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February 24, 2009
Leading by example 24/7
All of us meet a sports, movie or business star by chance. Typically the first question from friends is: What's she like? People who meet Tony Hsieh, CEO of Zappos, often report he's just like the way he is in various speeches, blog posts and tweets: passionate about customer service but also approachable with a good sense of humor. To paraphrase former Arizona Cardinals coach Denny Green, he is who we thought he was.
So here's a paradox: What if you love a company for its change-the-world mission, then meet its visionary leader and discover he's a jerk?
We once blogged about a change-the-world entrepreneur who isn't nearly as visible or well-known as Tony. With about a dozen employees, this leader's company is still small. Over the course of several months, we discovered his behavior doesn't match his company's pious values. I've had business colleagues privately tell me how much they disliked doing business with him. This weekend, a different friend told me of his obnoxious and rude behavior while simply hanging out in a condominium lobby!
I still love the idea of the company, but now I distrust its leader. Will I evangelize the company any more? Probably not. Cognitive dissonance.
A company can still grow when its founder is a jerk -- Steve Jobs and Sumner Redstone are two well-known examples -- but piety and helping the world's poor are hardly the values of Apple or Viacom. That's the disconnect. When the public and private behavior of company leaders don't match established company values, especially when those values are purposely marketed, word will spread quickly through the back-channel grapevine of blogs and Twitter. That's no way to grow a company.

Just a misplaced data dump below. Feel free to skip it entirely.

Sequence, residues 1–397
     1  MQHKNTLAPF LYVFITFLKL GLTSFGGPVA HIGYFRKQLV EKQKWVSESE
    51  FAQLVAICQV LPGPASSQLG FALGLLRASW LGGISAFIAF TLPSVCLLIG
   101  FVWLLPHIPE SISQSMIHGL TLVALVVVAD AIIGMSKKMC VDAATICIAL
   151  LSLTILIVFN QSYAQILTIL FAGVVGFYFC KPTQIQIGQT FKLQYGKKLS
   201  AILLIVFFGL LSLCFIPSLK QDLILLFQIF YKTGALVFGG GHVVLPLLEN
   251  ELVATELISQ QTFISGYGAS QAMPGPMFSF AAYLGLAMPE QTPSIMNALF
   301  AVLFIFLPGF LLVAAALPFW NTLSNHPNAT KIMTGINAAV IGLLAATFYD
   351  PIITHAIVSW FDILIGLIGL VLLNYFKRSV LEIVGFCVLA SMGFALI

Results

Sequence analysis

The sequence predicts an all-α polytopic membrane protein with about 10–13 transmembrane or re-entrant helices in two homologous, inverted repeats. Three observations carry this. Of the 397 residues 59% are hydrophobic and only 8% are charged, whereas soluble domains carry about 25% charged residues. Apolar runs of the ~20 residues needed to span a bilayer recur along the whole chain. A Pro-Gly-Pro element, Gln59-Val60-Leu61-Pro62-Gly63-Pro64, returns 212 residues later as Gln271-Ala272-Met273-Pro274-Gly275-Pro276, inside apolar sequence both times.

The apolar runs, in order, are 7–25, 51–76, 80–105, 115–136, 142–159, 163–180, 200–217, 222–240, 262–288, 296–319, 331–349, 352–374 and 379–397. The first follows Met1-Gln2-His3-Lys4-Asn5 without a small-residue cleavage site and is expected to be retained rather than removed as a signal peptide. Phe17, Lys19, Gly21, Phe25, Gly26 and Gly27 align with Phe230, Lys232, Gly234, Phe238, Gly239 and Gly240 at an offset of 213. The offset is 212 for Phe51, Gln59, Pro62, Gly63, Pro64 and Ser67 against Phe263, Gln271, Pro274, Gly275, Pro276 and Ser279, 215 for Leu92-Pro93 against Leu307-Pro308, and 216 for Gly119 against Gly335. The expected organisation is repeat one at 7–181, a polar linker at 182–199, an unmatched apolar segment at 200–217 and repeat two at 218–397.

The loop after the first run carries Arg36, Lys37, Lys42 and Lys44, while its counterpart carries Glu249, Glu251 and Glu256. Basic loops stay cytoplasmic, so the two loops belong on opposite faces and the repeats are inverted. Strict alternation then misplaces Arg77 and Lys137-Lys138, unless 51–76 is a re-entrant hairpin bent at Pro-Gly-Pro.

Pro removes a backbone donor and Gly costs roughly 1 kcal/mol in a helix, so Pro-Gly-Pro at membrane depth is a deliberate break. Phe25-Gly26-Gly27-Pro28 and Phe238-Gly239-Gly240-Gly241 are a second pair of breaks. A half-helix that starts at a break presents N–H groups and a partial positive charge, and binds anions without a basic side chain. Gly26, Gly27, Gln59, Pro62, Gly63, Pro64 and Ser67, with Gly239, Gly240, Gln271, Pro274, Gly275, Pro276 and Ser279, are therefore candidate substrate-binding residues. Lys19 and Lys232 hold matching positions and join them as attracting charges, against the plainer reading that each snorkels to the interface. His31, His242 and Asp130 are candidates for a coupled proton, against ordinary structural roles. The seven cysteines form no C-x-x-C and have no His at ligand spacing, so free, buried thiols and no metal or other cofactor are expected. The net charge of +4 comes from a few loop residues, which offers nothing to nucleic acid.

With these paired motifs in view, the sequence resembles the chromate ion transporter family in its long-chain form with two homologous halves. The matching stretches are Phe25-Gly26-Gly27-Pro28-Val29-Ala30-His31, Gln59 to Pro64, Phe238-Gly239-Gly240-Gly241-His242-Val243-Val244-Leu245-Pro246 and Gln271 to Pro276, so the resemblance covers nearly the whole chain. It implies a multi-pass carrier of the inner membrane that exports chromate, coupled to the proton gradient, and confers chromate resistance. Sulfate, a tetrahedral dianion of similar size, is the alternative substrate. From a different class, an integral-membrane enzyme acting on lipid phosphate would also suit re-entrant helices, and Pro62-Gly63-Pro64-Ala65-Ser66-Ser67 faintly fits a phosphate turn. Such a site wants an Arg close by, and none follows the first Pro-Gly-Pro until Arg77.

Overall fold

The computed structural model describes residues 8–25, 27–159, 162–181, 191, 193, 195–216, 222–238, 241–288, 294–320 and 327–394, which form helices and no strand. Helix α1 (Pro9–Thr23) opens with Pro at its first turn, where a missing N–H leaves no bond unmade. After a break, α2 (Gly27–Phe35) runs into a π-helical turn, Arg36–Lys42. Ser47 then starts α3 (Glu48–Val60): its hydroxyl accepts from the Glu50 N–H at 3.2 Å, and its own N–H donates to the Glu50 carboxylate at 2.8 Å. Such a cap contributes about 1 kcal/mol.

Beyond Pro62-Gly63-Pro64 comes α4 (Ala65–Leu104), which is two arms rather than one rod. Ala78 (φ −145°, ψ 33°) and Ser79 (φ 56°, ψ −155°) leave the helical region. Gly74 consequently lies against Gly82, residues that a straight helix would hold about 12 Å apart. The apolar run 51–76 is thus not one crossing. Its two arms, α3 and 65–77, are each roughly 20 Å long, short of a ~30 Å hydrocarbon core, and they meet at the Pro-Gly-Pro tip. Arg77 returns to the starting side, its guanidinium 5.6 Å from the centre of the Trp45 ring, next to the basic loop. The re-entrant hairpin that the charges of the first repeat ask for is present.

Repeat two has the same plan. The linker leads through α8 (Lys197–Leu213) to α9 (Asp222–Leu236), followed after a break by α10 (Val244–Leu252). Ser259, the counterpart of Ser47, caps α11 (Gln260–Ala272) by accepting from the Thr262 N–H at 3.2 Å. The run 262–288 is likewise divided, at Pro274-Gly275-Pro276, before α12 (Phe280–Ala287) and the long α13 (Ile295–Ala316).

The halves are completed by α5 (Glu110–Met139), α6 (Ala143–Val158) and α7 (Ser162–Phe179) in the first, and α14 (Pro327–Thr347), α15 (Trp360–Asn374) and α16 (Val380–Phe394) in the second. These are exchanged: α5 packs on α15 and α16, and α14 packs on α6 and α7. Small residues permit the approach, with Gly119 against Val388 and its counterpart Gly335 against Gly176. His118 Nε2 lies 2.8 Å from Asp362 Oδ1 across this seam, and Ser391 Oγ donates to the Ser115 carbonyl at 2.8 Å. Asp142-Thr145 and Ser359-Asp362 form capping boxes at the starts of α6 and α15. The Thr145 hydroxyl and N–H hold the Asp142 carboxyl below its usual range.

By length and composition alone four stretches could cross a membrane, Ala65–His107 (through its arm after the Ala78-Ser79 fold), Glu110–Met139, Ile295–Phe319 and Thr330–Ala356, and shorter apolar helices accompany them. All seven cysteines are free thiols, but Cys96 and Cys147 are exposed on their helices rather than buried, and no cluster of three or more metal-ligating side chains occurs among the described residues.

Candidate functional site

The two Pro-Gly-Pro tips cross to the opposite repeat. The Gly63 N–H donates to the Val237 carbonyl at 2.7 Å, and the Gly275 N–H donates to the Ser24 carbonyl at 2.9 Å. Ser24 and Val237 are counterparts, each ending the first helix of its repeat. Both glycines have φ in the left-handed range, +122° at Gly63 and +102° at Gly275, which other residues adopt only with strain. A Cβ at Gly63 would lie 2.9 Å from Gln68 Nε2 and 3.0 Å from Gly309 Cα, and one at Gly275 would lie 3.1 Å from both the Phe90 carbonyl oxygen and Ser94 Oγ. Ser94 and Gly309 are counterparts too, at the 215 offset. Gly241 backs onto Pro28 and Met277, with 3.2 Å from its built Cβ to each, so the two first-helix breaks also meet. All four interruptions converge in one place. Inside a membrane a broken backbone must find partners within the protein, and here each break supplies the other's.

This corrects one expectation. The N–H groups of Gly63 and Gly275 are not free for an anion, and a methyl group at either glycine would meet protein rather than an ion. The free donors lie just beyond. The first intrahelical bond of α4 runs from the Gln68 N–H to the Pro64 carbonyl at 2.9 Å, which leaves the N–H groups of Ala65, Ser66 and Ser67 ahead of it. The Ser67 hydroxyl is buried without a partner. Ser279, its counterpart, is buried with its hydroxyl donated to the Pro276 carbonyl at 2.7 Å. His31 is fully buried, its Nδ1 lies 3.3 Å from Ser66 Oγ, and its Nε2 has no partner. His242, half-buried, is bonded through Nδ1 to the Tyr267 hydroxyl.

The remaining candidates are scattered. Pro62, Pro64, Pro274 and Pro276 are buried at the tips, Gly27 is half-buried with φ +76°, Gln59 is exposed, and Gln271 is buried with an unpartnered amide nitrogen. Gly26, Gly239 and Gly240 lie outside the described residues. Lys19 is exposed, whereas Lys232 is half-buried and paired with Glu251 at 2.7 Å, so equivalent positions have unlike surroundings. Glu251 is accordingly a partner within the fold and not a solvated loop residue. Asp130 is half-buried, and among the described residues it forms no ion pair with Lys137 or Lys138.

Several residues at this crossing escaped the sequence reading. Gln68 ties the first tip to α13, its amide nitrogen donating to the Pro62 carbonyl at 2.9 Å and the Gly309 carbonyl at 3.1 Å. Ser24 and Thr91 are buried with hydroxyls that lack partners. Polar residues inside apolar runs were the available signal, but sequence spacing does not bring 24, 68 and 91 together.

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I think social media like Twitter brings a whole new transparency to this issue. Before, CEO's could pretty much hide as much as they wanted. Now, customers want to know who they're dealing with.
Wow that isn't good at all, talk about bad word of mouth when that kind of thing is found out - it will spread very rapidly. Like the commenter above said, transparency is here to stay and everyone who fakes it will be found out.
Good thing they don't store those toilet seat covers under the seat.
Oh wow, you've reached "stars without makeup" level here, haven't you?
This idea of "what if he's a jerk" is pretty ludicrous if you consider you're printing *hearsay* based on one person's *subjective judgment* that could have been influenced by a million little things. The reporter's own mood, the conversation, the state of the subject's digestive system all could have influenced the encounter. Yet you imply a business person is immune to the same judgments and opinions human beings gather about each other thoughtlessly at every dinner party, office meeting, grocery store outing. A pretty pathetic way to determine whether or not a person is a "jerk", whether their business is worth patronizing, and an unfortunately tabloid-esque way of writing for your business blog. Disappointing, but perhaps Perez Hilton is hiring.
You sir, are a jerk.
The author clearly stated that evidence of this person's 'jerkdom' came from multiple different sources. And neither the company nor person in question were named, restraint that you won't find in the tabloids. It's this sort of 'everything is subjective, they were probably having a bad day, it's probably just as much your fault as theirs' thinking that lets people get away with bad behaviour. Some people are just arses, and from that post I'd guess you're one of them.